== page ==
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Family Mediator

(13 Posts)
NanKate Sat 26-Jul-14 08:41:19

Throughout my life I have been the one in the family who has been the go-between trying to sort out problems and keep everyone happy. Well I am fed up with it and slowly bit by bit I am trying to back off letting them get on with it.

However, the next time my DS says 'can you sort Dad out' over something or other I suppose I will say 'leave it to me'. hmm

Anyone else got this problem ?

whenim64 Sat 26-Jul-14 09:17:11

Me too, NanKate but much less these days. Now my children are all in their thirties, they can sort things out themselves. I've been on the receiving end of a few rants about various family members who aren't doing what others want, but as they've realised I won't be running off to sort it out they've started to say 'I know it's not your problem, but.....' and will use me as a sounding board whilst they work out whether they will do something about it themselves.

One thing I found helped - when I knew trouble was brewing, I made myself a bit 'unavailable' - it's amazing what can change in the course of a few hours whilst I've ignored the phone! grin

Gagagran Sat 26-Jul-14 09:20:25

Yes!Yes!Yes! NanKate. For years I have had to act as mediator between my two older sisters, who have a love-hate relationship and both have used me to pour out their irritation, frustration and sometimes real dislike for each other.

I too got fed up with it and finally snapped and told the oldest sister (the most vitriolic one) that I was no longer going to be piggy in the middle so
that if she starts even to mention sister no 2 I now just say "Mm" and change the subject. It makes communication very difficult at times but I think they are both realising, slowly, that I just want to be friends with both and they must sort their differences out themselves.

Good luck - I hope you can do the same! wink

Tegan Sat 26-Jul-14 10:02:50

Oh dear; I don't want to go into details but at the moment my head is hurting with family conflicts [albeit small ones, but lots of them] that I can't ignore because I'm pig in the middle of most of them. Mainly a stepfamily issue with one child being treated differently to another [which you can't do in families]. In fact, I'm not sleeping very well because of it, either. Thinking about resorting to Plan B which is to find a cave and become a hermit....

NanKate Sat 26-Jul-14 10:41:48

Oh I am sorry to hear that Tegan. Yes families can be problematic and because I like a quiet, non confrontational life, I try to do a lot of smoothing out.

I really feel for you being pig in the middle, particularly when everyone wants you to side with them.

So*** families that's what I say. tbangry

NanKate Sat 26-Jul-14 10:44:17

Gagagran that must be awful for you.

My sister lives abroad which suits me fine as she causes me such hassle at times, however on occasions we do have a good laugh together.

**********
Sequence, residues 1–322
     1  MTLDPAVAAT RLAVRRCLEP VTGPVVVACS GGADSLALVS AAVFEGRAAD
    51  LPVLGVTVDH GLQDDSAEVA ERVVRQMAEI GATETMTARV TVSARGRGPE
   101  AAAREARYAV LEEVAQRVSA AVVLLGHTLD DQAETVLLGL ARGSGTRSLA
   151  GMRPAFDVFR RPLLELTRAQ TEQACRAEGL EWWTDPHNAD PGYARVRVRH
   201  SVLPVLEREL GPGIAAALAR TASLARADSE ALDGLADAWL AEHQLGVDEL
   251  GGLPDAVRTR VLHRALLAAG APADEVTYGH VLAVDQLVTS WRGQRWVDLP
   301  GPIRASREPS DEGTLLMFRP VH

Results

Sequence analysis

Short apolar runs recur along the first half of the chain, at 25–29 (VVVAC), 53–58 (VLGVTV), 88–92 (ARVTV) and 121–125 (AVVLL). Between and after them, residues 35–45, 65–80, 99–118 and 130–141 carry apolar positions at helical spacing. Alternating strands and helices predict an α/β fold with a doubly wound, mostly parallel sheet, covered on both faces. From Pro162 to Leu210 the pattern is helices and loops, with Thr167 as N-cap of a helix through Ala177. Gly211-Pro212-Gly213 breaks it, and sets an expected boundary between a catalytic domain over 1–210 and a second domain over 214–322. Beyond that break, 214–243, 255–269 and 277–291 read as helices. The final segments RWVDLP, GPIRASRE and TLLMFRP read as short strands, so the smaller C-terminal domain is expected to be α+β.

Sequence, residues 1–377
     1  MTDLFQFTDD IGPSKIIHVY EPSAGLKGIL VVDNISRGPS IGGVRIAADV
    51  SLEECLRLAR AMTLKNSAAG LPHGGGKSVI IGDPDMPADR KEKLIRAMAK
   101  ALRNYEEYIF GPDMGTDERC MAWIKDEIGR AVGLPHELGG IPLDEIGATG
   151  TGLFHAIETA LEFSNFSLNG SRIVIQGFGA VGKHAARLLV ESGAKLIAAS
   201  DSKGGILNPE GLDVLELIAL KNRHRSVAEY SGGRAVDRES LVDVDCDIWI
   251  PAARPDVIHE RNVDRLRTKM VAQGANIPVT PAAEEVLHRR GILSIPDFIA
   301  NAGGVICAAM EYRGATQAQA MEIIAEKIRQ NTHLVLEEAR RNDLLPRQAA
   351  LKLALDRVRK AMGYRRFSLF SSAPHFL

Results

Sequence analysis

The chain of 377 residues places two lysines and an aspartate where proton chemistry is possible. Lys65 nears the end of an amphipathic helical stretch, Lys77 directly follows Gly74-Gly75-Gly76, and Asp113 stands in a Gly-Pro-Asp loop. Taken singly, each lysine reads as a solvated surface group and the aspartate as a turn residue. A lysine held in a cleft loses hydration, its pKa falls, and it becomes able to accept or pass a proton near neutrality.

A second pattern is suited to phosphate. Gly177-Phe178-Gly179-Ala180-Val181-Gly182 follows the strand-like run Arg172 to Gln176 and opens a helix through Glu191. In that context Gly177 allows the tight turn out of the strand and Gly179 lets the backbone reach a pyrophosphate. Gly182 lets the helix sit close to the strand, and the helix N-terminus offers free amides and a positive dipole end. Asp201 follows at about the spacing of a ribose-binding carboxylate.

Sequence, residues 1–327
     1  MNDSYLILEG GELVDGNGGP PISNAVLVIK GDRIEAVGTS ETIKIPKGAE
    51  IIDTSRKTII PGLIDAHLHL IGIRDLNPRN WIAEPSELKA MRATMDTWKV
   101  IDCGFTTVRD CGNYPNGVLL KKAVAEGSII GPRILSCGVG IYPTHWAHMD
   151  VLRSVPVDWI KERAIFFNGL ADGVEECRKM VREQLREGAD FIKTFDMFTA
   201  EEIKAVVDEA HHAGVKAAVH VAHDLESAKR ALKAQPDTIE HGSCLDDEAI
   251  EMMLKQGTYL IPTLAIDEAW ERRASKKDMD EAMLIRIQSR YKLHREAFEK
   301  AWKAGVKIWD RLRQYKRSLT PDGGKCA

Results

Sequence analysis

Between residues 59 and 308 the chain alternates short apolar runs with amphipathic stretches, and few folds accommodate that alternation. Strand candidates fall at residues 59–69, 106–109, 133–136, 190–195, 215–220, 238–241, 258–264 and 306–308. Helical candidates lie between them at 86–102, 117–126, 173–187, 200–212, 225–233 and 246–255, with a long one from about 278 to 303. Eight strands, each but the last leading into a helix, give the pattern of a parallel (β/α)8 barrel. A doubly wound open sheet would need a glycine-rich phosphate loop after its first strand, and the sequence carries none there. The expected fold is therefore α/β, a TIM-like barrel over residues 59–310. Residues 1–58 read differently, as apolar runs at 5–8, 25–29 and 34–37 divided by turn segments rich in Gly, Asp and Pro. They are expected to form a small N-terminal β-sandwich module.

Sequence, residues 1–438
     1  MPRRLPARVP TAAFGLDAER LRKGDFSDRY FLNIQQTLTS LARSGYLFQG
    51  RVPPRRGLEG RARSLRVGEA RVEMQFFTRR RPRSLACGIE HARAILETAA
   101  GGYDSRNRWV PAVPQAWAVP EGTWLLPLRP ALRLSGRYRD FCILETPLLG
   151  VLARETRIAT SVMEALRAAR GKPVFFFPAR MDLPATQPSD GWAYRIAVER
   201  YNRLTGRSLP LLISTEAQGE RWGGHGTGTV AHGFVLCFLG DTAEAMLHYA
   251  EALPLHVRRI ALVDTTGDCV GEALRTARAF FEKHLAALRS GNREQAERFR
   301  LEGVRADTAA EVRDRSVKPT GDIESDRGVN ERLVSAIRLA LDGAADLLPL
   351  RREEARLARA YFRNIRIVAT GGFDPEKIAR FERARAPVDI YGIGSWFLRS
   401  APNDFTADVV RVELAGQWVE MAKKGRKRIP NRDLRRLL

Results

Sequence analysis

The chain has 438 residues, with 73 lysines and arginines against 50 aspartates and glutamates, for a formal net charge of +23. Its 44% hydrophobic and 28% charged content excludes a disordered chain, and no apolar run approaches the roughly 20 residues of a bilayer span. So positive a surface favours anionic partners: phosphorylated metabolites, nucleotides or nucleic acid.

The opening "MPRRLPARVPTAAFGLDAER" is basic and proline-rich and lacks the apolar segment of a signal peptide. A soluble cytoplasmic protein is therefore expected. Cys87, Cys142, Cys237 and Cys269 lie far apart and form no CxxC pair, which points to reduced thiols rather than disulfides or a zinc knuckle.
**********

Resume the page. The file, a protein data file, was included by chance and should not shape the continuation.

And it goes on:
WhemIm64 I like you idea of being unavailable. I think I shall retire to my boudoir and put a 'Do not disturb' notice on my door.

annodomini Sat 26-Jul-14 10:53:22

The one and only time when I hit a bumpy patch with my GD1's crazy mother, DS2, who is a fantastic negotiator, smoothed things out and all was sweetness and light. I count myself as a very lucky mum and gran.

whenim64 Sat 26-Jul-14 11:19:54

Unavailability does work, NanKate. A family feud was averted between my two sons last year when I 'disappeared' and they had no choice but to talk to each other about a family arrangement. They're forever rubbing each other up the wrong way! Testosterone! grin

sunseeker Sat 26-Jul-14 11:31:13

At work I was always the "peacemaker" and it could be a bit wearing, there was also the danger that the both of those arguing could turn on me! Since DH died I seem to have become "agony aunt" for his family! I just listen and sympathise but don't try to offer solutions.

harrigran Sat 26-Jul-14 17:11:51

No never been needed to mediate. My youngest is 42 now and if they can't sort themselves out ... too bad.

grannyactivist Sat 26-Jul-14 17:28:59

Fortunately (with the exception of my estranged daughter who has no contact with anyone in the family) my children all get on very well. My brothers and sisters did have a tendency to have massive feuds with each other in the past, but since a shocking family bereavement a few years back they have decided that life is too short and unpredictable to be out of touch with one another.

rosesarered Sat 26-Jul-14 17:53:06

NanKate I think to a large extent all women [mothers, especially] become mediators.I try to do what whenim64 does, and be unavailable for heart to hearts with family members.If I can't avoid it I encourage them to speak to each other. Sibling rivalry doesn't end when they grow up.Best to stay out of things, or they say to each other 'Mum says... blah blah' and then you're the bad guy!Like most of you, I have had enough of that in the past, they have been turfed out of the nest long enough to sort things out themselves.

KatyK Sat 26-Jul-14 18:03:35

Tegan flowers I've never had to mediate really but I am a 'sounding board' for all and sundry. I have become the sort of person who people ring up with their troubles, reel them off and never ask about me (not most of my family I hasten to add, although one or two do). Sometimes I feel like screaming out 'I HAVE A LIFE TOO AND SOMETIMES IT'S HORRIBLE, ASK ME IF I'M OK!!' I am also always the one who organises family get-togethers, no one else ever does. Sometimes I feel like saying 'what about someone else doing it for a change' but they never would and we wouldn't meet up even on the couple of occasions in the year that we do now. Like ga says, life is too short to lose touch. Hey ho.